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Award-Winning Performances for Coloring on the Floor and Stinkies in the Bathtub

Throughout the day, I hear a little voice repeating things he has been told.  It is a sobering reminder of the weight our words carry in the lives of those around us.  Many of the sentiments are sweet:
"Mama loves you.  Daddy loves you, too."
"Thank you, Josiah." (as he pretends to feed and water his Little People farm animals)
"I like football. I like friends."
"Daddy at work."
"I throw out!" (bringing something to the garbage)
"Keep up!" ("clean up", as he puts things away)
"Happy to you, happy to you, happy dear Jesus!" (Happy Birthday to Jesus)

Others are reminders of boundaries and expectations:

"No color floor.  No color wall." (the former was attempted once, and the latter warded off by a dramatically reenacted comparison)
"No stinkies in bathtub.  No stinkies on couch" (the former attempted once, the latter advisory prep for potty training)
"No kicking."
"No rip paper."

This rehearsal of the "rules" tugs at my heart.  While I am grateful that he often desires to do the right things (even when his emotions sometimes get in the way), I do not want him to feel his worth is tied to his performance.  This struck me, especially, during dinner last night after I sternly explained to him why acting out physically can hurt people (especially pregnant mamas).  I told him when we hurt someone we love, that person gets sad.  I also explained that saying we are sorry can make that person feel better.  He proceeded to say, "I sorry, Mama!" with a concerned look on his face, at least twenty times during dinner.  I kept telling him, "I love you.  I forgive you.  Don't worry."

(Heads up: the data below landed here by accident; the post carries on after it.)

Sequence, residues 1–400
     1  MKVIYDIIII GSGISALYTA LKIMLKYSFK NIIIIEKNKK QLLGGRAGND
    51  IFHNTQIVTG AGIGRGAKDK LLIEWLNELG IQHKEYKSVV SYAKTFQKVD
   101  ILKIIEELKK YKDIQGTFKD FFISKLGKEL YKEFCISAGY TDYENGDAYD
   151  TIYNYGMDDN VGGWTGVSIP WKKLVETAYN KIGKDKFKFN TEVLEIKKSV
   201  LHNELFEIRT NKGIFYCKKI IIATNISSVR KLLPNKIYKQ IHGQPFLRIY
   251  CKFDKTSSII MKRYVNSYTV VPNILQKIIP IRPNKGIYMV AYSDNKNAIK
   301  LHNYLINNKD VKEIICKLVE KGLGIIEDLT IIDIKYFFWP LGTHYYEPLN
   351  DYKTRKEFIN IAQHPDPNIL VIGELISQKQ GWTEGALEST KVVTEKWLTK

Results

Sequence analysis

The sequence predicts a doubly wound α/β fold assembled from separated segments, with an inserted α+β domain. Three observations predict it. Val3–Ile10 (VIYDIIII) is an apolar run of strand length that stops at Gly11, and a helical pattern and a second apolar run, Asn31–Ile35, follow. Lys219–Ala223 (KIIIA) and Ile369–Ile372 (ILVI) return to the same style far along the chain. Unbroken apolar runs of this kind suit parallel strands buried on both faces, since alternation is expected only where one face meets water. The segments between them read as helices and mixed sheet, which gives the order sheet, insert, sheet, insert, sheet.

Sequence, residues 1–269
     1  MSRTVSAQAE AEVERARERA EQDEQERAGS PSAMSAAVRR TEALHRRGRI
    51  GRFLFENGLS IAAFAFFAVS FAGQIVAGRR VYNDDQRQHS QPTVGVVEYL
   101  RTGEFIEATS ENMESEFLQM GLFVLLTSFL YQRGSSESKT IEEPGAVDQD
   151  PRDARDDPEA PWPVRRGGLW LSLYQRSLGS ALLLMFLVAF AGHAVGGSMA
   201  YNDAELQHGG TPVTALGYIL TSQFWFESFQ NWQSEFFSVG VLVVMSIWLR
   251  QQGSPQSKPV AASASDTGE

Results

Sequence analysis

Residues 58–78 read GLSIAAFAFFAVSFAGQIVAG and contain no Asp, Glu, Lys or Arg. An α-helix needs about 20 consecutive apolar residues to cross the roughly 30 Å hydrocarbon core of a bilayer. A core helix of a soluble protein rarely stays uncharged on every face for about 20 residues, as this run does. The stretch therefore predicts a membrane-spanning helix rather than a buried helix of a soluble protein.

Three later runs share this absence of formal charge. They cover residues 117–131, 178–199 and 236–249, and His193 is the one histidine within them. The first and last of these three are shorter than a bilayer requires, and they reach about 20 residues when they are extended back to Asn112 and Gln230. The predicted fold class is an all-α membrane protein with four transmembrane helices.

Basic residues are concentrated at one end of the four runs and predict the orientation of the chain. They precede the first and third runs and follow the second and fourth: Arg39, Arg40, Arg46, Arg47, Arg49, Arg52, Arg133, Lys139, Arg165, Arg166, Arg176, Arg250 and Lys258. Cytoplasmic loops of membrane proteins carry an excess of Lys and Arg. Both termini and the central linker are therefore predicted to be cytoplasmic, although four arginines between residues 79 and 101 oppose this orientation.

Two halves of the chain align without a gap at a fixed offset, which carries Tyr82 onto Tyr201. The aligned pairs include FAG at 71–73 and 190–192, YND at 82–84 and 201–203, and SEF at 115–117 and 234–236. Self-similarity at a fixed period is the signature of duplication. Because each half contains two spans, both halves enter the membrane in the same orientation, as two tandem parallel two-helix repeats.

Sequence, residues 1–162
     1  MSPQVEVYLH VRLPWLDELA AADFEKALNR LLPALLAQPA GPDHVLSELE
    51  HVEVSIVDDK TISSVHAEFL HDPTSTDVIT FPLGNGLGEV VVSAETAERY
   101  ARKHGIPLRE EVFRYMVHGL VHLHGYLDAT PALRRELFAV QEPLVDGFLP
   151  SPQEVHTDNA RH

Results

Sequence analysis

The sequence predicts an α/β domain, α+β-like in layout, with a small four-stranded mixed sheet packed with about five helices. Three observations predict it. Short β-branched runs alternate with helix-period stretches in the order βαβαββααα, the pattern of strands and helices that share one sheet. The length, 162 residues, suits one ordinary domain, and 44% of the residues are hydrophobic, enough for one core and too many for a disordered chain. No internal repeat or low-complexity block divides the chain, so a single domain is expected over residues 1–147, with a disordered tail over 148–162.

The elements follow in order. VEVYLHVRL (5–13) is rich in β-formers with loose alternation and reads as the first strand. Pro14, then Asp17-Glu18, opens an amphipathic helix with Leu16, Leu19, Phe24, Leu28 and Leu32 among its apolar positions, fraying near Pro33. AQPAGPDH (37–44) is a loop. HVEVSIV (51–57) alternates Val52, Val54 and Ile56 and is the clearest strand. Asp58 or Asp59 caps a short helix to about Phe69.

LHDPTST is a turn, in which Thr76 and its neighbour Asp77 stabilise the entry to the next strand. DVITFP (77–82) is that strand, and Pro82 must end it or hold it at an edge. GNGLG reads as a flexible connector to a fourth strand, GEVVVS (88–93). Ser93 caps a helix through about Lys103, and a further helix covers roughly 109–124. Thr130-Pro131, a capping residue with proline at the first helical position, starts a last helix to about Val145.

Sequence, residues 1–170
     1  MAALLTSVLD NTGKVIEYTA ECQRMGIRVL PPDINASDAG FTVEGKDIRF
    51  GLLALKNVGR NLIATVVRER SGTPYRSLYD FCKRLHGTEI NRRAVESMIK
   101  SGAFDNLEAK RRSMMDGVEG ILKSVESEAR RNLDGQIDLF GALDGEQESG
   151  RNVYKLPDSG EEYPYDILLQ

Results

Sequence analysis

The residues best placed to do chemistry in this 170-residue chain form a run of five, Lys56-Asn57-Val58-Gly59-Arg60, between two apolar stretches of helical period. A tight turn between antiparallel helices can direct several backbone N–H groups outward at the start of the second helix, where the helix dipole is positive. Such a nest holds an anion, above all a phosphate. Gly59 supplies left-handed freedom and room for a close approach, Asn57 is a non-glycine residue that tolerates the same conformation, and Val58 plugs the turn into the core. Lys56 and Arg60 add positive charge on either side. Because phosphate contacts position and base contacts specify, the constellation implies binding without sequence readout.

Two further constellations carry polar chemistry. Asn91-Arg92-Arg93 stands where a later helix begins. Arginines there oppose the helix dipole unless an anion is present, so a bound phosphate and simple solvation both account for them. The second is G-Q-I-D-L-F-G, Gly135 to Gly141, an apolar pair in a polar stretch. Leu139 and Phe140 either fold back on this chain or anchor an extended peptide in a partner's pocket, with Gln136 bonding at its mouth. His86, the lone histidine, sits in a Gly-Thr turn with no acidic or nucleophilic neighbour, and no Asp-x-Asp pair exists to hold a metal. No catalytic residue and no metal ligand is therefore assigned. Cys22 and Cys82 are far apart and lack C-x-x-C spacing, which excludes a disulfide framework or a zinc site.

I am a firstborn perfectionist.  I see much of my own tendencies in his behavior.  I want to please the people I love.  When I mess up, I feel I've ruined everything.  Sadly, this is often how I approach God.  I act as if my relationship with Him is a product of what I have (or have not) accomplished, rather than what Christ accomplished for me on the cross two millennia ago.  

The truths I want to model for my children are simple, but not easy:
We are not good.
Jesus is perfect.
Because of His sacrifice, we are judged not on our efforts, but on His perfection.
His love empowers us to build up, rather than tear down. 

Being a Christian is not about following all the rules so that God will accept us.  We don't need to make a long list of resolutions every January 1st.  We are loved, accepted, and redeemed -- not because of who we are, but despite who we are.  Even if we do color on the floor, go stinkies in the bathtub, kick others, or rip paper -- we are unconditionally, unarguably loved if we are children of God.  


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